The term Yes And is a short hand reference to the concepts of Acceptance and Addition. These are core concepts of improv; actually the core concepts of improv. In an improvised scene, the players are building everything from scratch: setting, plot, and characters. It is critical that when one player defines some component of a scene (mimes an object, performs an action, refers to an event, or endows another player with some attribute), all the other players immediately accept that component as a real part of the scene.
For example, if I mime placing a table on the stage, it's important that any other players walk around the table rather than right through it. If my partners walk through the mimed table, then the audience can see there is a problem, but what do they believe as the scene goes forward - is there a table, or not?
Accepting that the table is now part of the scene is the YES.
Beyond just accepting the table, if my partner mimes adding a vase of flowers to the table, then the audience senses a more interesting environment. And there is a subtle expectation that this is an important table and worthy of attention.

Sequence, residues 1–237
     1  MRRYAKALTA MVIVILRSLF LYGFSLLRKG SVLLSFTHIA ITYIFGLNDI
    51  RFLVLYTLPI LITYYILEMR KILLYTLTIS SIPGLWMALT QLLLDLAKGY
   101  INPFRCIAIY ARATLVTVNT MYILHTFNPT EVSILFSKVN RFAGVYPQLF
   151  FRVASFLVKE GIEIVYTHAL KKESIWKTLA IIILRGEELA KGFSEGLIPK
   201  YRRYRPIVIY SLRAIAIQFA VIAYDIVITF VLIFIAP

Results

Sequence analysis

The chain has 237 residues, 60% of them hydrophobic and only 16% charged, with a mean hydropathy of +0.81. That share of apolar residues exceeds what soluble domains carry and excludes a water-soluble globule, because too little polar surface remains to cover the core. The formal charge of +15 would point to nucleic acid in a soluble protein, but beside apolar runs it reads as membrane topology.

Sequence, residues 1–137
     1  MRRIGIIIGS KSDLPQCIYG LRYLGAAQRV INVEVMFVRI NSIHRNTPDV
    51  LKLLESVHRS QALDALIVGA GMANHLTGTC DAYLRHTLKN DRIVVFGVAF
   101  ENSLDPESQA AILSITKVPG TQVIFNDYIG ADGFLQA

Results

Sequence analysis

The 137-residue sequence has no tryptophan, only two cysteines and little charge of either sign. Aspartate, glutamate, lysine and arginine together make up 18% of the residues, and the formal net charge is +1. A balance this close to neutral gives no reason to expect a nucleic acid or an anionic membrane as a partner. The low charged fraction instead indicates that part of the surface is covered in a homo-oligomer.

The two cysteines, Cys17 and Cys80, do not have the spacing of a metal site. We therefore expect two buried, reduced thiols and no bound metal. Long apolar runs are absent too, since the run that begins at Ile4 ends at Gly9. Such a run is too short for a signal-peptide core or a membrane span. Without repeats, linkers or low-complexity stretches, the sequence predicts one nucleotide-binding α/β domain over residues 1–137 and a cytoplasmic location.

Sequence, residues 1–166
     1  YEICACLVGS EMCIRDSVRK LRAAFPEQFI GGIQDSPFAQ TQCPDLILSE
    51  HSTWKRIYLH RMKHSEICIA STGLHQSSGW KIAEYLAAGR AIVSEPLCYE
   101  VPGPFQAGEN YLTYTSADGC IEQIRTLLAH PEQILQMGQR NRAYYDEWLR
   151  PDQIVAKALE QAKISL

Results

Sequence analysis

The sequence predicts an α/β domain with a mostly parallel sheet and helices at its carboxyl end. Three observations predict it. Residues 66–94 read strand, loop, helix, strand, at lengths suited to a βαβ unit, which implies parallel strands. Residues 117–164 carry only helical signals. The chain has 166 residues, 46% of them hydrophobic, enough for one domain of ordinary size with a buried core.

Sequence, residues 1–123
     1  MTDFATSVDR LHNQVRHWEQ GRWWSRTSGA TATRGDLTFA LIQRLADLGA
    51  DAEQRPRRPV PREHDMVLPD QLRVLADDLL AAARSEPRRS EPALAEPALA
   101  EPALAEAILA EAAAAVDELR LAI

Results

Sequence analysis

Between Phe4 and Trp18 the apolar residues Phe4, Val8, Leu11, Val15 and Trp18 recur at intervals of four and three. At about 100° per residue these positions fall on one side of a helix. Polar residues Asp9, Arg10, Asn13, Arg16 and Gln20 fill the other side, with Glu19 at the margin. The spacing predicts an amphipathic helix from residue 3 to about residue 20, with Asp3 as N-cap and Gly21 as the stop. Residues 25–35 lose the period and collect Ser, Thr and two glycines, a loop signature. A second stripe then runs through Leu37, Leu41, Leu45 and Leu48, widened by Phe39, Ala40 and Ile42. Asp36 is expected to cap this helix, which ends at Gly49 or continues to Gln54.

Adding an object to the table is the AND.
I use the physical, mimed example to simplify the concept, but Yes And is even more important to endowments between the characters. If I say the line "you don't pay enough attention to our kids" to my partner, and the response is "that's because we don't have kids!", well that's funny, but where do we go from there? Do we have kids? Do we not have kids? What does the audience understand?
Instead, the line "that's because I've never liked our kids" accepts my original premise, and adds more information about the kids and the player's feelings about them. Now we can keep building the scene together. A good example of Yes And.
There are a lot of "rules of thumb" for improv, and they cover a range of styles and methods for generating scenes. They're not necessarily hard and fast rules, and most can be creatively broken from time to time. But the concept of Yes And is a core concept to all of improv. Few things can shut down a scene quicker than not accepting, and a scene without additon will often seem lost or random. I'll talk about how Blocking and Denying - the opposite of Yes And - can drag down a scene in another post.